An inspector calls?

Last week, the government announced their GCSE and A Level exam contingency plan, in case things go wrong again

Contingency plans confirmed for GCSEs, AS and A levelsGOV.UK
The government intends for exams to take place next summer. But if they cannot go ahead safely or fairly due to the pandemic, contingency arrangements will be in place to ensure that schools and colleges are well prepared to enable students to achieve their qualifications. Following a consultation, the department and qualifications regulator Ofqual have confirmed students would receive Teacher Assessed Grades based on a range of their work, similar to this summer.

… and released the necessary guidance.

Guidance for schools, colleges and other exam centres on contingency arrangements for students entering GCSEs, AS and A levels, the Advanced Extension Award and Project qualifications in summer 2022GOV.UK
Although the government is firmly committed to exams going ahead in summer 2022, we need to have contingency plans in place for the unlikely event that exams have to be cancelled again because of the pandemic. This guidance sets out what teachers should do during the remainder of the academic year 2021 to 2022, until exams are taken, as a contingency. It follows the outcome of a consultation on contingency arrangements.

This week, they’ve announced plans to speed up Ofsted inspections.

Ofsted accelerates inspections for schools and further education providersGOV.UK
This will mean parents and learners will get up-to-date assurance about the quality of education that their children or they are receiving. Schools, colleges and other FE providers will receive timely information to inform their improvement plans. Beginning with last term’s inspections, all schools and FE providers will be inspected at least once by summer 2025.

You can imagine how that went down.

Plan to speed up Ofsted inspections of schools in England sparks furyThe Guardian
“Government ministers are showing, yet again, that they have no understanding of the exhaustion and stress felt by teachers and leaders,” said Dr Mary Bousted, the joint general secretary of the National Education Union.

Nick Brook, the deputy general secretary of the National Association of Head Teachers, added: “Given the pressure schools are currently under and the recent calls to pause inspections this term, the announcement of more to come feels completely tone-deaf.” […]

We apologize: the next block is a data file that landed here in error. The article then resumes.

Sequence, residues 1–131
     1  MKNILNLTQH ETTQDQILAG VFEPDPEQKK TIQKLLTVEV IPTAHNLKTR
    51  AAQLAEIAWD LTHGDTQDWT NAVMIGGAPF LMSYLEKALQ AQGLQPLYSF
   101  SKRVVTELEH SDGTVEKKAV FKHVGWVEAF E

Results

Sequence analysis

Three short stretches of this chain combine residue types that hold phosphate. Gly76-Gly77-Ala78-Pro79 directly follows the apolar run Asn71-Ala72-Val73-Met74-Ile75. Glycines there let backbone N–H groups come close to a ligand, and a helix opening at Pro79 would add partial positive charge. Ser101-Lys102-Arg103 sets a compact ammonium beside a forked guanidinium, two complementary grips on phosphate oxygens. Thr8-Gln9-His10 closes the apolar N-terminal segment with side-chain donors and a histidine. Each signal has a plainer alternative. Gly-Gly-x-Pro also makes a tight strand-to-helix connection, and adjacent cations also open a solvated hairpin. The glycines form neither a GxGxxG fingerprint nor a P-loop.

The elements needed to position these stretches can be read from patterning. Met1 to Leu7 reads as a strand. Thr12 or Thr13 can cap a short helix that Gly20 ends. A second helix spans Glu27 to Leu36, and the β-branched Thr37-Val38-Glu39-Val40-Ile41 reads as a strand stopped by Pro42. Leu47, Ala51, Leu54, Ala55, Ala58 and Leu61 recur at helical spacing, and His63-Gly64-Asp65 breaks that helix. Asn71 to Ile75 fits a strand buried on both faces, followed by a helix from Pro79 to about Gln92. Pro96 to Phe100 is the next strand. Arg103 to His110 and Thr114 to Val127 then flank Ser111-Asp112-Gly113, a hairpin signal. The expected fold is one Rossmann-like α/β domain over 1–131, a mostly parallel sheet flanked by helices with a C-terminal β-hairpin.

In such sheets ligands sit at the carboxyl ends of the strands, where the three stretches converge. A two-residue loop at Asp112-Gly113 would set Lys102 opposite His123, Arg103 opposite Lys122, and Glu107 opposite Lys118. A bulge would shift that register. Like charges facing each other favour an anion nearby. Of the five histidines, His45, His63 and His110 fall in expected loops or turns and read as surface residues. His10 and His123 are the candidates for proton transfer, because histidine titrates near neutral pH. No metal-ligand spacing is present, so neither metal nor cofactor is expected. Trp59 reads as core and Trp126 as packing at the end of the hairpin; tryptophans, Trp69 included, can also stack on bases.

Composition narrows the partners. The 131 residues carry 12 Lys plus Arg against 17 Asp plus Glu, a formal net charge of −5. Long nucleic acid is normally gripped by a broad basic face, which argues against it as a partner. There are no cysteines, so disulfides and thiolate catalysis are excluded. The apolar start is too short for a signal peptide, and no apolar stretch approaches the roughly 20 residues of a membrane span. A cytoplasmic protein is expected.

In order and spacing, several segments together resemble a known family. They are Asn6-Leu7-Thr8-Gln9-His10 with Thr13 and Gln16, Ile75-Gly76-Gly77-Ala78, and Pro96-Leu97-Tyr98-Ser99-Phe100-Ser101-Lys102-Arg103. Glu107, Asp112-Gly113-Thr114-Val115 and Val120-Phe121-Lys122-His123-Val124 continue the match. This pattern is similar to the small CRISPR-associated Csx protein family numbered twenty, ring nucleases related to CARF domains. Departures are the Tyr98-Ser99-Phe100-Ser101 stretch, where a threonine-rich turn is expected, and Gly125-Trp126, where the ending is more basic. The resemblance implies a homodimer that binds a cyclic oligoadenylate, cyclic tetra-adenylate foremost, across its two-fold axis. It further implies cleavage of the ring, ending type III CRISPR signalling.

Former school inspectors have added their voices to the growing disenchantment, among them Frank Norris, a former senior HMI with Ofsted, who expressed “deep concern”. “I’m based in the north and the pandemic has hit some of our communities the hardest. Schools have managed amazingly well and kept things rolling,” Norris said. “It is shameful that Ofsted inspectors apparently choose to give this crucial area of work little attention when they produce their inspection reports.”

Ofsted strips most ‘outstanding’ schools of top rating in first round of reportsEvening Standard
More than two in three schools previously judged as outstanding have been stripped of their top rating following Ofsted inspections in September, an analysis by PA news agency suggests. All schools previously judged by Ofsted as outstanding are no longer exempt from routine inspection.

Worrying about inspections is possibly the last things teachers need at the moment.

How to handle the student disrespect sweeping the countrySmart Classroom Management
Since returning to in-person learning, respect has taken a nosedive. Students are just different. We all see it. We all know it. The question is, what to do about it? Well, the usual keys are still in play: Clear Boundaries; 100% Consistency; Calm Enforcement. Keeping your cool regardless of what a student does or says, and doing what you say you’re going to do, are now more important than ever before. Fail on this front and the battles will be constant, the disrespect unrelenting. However, the time has come for something more.

Author: Terry Madeley

Works with student data and enjoys reading about art, data, education and technology.

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